Also, if you have a lot of ideas and are having problems with editing them down (or that they are conflicting) I would suggest (as it was above) to write them all down.

I took a big white board and put down all my ideas, then I selected the few I actually wanted (what I thought were the best) and put those into my game. Having many idea's or directions doesn't necessarily make the game what you wanted. Determine what you want form the game and then keep ideas that fit that mold.

My current game is focused on exploration and decision making. So, when I come up with other ideas I look to see if they support that core concept. If they do not, then I don't include them. If I think they are good ideas but don't work with this project I write them down and keep them in a notebook for another project.
 

Karlski

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The way I deal with it... Mix up your work.

Create a list of everything you have to do, and don't spend too long on each section.
Once you feel yourself starting to lose focus, it's probably time to take a break.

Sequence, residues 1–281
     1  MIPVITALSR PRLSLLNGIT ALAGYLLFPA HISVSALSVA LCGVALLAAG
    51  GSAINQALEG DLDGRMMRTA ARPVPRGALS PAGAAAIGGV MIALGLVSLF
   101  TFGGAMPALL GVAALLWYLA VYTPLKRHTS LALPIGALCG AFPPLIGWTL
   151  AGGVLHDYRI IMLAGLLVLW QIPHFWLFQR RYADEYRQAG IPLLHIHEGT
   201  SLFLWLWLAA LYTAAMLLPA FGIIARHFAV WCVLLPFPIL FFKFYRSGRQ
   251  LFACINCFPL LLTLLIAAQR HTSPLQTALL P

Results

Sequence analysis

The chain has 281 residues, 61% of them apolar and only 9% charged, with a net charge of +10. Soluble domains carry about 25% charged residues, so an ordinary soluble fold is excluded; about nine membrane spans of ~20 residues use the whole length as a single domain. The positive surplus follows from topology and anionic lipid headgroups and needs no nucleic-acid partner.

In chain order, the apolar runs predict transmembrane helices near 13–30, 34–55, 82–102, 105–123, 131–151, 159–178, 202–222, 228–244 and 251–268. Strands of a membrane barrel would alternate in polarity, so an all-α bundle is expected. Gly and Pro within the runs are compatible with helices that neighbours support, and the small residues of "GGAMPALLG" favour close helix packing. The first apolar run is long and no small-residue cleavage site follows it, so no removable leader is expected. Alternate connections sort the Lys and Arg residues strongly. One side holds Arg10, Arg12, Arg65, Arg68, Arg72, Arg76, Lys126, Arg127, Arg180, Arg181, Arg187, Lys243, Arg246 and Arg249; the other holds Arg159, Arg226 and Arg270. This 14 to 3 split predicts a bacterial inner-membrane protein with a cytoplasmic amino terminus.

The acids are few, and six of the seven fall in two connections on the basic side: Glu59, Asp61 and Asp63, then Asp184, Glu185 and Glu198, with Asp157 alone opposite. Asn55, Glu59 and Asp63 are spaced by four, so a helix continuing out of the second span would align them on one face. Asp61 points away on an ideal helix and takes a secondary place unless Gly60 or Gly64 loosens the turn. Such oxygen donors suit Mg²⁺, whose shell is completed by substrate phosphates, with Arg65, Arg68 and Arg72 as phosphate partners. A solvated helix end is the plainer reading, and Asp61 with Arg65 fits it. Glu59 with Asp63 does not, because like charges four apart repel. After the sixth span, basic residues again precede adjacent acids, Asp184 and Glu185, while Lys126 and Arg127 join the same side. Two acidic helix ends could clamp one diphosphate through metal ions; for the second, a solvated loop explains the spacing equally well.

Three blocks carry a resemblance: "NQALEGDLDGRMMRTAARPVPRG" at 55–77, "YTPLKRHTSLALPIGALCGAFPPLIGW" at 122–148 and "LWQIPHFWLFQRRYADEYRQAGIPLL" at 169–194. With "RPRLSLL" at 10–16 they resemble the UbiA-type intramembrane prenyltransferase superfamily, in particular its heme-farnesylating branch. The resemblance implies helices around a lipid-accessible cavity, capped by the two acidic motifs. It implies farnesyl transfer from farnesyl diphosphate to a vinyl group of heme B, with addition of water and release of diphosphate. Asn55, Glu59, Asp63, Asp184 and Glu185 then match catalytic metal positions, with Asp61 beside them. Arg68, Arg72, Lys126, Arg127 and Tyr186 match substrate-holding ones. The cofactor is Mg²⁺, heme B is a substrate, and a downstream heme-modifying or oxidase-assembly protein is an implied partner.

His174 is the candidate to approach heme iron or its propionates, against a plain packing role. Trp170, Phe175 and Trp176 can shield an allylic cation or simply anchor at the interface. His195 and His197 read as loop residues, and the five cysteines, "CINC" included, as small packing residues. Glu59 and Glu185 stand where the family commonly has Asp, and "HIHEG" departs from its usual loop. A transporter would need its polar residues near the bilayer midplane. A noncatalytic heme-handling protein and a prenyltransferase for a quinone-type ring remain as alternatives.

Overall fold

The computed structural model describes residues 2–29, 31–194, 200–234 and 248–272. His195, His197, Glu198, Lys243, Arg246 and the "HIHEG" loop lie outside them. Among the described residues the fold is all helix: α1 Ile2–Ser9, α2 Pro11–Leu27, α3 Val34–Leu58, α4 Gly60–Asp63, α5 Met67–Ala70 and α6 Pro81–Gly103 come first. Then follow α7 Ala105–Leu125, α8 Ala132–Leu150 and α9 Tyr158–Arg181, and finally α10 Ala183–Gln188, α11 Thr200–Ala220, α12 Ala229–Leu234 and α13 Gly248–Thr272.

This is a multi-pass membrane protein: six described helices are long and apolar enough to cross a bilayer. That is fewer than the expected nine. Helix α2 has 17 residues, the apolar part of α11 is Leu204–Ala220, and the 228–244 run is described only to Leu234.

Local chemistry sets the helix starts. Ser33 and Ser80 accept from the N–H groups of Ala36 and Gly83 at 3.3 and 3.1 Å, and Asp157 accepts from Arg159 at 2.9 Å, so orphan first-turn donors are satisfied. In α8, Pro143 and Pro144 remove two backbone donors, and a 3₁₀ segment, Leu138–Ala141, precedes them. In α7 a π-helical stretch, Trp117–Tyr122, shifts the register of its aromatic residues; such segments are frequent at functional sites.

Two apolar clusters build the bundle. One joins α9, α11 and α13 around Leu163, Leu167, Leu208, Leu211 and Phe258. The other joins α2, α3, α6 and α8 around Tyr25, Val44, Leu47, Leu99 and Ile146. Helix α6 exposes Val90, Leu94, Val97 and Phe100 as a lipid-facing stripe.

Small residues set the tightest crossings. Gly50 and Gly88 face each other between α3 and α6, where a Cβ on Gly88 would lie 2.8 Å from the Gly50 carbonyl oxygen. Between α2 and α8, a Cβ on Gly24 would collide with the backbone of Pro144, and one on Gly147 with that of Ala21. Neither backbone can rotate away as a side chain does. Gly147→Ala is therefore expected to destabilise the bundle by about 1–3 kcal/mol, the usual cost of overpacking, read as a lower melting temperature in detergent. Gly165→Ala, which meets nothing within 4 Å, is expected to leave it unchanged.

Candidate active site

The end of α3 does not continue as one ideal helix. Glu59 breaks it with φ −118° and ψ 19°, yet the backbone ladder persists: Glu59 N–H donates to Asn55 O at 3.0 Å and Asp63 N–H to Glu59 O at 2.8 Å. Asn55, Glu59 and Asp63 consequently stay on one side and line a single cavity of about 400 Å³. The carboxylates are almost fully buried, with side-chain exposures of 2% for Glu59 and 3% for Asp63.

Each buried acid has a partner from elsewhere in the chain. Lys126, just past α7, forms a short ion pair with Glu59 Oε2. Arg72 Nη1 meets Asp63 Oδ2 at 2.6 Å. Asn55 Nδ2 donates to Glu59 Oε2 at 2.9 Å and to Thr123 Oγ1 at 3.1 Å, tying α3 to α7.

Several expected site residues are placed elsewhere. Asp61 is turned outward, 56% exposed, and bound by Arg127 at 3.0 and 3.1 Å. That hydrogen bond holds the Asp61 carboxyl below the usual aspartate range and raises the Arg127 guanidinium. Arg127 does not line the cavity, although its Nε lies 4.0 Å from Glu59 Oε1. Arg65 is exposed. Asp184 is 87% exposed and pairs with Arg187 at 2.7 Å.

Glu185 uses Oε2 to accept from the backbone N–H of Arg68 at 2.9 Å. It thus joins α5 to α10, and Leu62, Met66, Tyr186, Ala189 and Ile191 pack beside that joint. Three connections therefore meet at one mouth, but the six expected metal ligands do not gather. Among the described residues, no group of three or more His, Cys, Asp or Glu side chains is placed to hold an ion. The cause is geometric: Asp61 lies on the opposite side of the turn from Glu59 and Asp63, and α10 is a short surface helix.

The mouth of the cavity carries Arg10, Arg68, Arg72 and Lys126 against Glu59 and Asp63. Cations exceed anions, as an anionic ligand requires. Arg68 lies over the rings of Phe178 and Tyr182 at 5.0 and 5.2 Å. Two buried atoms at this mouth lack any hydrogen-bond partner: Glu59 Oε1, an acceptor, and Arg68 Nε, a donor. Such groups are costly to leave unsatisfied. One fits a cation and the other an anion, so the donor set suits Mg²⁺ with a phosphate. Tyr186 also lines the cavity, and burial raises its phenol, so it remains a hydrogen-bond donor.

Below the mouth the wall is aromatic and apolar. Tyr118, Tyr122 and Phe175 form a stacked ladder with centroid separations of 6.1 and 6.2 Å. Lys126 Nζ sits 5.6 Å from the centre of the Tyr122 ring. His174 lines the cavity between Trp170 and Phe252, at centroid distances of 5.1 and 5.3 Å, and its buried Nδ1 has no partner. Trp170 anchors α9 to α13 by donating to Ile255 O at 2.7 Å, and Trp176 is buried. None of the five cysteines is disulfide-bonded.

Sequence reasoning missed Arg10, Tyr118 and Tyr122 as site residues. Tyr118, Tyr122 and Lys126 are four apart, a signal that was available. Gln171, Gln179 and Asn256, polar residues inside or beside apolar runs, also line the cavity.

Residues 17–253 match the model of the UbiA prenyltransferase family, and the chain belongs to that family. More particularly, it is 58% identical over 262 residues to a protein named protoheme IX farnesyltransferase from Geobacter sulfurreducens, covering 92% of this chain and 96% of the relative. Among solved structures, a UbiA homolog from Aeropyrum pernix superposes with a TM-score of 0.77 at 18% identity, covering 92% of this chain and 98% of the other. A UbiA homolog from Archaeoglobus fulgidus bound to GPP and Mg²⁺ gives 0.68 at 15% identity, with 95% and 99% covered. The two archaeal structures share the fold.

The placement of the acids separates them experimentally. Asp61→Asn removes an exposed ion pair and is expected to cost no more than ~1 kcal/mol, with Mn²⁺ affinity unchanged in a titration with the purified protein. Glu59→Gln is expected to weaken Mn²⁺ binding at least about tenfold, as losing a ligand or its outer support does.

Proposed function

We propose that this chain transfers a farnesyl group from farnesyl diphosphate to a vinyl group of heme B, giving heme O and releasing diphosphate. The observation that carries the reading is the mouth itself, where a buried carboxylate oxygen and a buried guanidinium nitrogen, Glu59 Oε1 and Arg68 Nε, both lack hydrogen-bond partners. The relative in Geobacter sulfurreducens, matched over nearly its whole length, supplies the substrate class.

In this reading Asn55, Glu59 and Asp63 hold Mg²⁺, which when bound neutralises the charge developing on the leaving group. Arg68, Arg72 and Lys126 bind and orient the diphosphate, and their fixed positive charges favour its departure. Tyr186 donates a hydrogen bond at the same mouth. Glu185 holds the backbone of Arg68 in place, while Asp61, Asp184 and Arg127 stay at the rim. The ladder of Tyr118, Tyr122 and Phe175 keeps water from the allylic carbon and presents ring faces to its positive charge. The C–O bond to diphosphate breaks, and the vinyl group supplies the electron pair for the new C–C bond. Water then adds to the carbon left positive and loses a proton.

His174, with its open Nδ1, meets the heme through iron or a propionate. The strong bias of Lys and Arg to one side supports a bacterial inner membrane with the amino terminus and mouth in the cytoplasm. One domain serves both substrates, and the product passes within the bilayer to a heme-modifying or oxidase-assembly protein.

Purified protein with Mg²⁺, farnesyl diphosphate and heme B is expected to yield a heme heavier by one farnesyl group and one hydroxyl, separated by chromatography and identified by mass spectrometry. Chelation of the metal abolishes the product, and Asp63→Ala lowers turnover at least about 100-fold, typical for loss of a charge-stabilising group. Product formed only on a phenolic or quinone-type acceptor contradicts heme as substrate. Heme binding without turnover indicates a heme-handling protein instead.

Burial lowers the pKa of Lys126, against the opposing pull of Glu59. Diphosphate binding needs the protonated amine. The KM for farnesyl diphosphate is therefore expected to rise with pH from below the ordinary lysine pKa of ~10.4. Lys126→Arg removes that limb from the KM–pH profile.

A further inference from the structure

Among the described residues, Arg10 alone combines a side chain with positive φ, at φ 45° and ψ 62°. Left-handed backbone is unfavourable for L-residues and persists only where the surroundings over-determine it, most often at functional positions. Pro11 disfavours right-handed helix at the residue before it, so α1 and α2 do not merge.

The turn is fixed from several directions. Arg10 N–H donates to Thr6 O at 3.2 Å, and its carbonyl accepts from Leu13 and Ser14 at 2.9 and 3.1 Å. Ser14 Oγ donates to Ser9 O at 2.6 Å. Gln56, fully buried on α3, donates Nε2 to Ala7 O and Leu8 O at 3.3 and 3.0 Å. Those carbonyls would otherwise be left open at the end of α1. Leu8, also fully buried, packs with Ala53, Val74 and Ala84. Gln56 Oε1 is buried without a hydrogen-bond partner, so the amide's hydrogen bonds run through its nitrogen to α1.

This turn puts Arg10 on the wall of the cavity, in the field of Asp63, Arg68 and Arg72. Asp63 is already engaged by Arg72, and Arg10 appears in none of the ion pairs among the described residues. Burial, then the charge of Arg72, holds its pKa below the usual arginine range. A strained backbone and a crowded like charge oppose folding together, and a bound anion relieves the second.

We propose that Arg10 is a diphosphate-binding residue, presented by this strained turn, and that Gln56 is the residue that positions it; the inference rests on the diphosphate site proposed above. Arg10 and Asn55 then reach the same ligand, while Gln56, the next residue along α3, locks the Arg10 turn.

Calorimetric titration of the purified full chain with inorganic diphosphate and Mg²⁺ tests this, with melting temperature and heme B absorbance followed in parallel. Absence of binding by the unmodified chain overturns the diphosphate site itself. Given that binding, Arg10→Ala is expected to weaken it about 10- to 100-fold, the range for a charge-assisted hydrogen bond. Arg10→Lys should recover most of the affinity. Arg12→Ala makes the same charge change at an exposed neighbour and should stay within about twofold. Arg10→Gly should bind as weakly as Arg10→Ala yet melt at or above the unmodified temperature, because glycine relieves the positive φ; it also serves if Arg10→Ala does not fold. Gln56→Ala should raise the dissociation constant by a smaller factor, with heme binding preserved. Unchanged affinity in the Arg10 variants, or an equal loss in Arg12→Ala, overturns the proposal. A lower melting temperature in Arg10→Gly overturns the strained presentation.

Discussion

Take 10-15 minutes to yourself. Have a think over what you've just done. If you don't have a sudden brainwave of new ideas then I think getting on with another part of the project is a good way to push forward.
 

sabao

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Outline the tasks you want to accomplish within a certain period of time. You'll be tempted to change these up as you go along, but try not to and stick to the original goal. You can allot another time for tweaks you want done down the road. This helps keep development on the move and not stuck in one place. Newer ideas are also given the time to simmer as opposed to deciding something on the fly and then stalled by little details you hadn't considered when you came up with the thing.

Build a tiny shack where you can do tiny shack things. Also become a vampire. I find it really helps to work in a time and environment where there are as few distractions as possible. In my case, it's a work space where I won't be bothered at an hour where people are asleep and in some cases, with the wi-fi turned off or worse, I'm chained to my seat until the job is done.
 
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Kes

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@Isabella Ava and @Karlski please do not post spam. Also remember that this is a site with many members who are minors. [PG-13 rating] Keep it clean.